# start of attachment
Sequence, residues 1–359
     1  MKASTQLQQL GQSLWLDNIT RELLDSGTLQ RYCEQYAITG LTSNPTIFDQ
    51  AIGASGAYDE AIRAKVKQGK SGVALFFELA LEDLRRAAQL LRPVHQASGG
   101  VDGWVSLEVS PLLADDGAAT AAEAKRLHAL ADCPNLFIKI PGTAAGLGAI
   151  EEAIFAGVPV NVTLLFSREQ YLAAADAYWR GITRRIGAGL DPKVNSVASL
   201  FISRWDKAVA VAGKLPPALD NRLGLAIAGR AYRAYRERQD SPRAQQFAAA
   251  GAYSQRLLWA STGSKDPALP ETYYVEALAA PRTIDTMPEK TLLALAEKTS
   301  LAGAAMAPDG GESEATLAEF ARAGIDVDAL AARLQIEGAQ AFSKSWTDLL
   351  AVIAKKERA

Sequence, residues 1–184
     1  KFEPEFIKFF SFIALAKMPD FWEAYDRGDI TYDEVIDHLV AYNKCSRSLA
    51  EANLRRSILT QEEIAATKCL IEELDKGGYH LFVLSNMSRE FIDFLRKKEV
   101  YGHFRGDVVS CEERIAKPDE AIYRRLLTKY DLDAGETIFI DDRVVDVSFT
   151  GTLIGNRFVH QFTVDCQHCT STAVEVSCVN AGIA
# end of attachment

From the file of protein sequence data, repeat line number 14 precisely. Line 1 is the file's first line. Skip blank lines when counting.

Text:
   151  GTLIGNRFVH QFTVDCQHCT STAVEVSCVN AGIA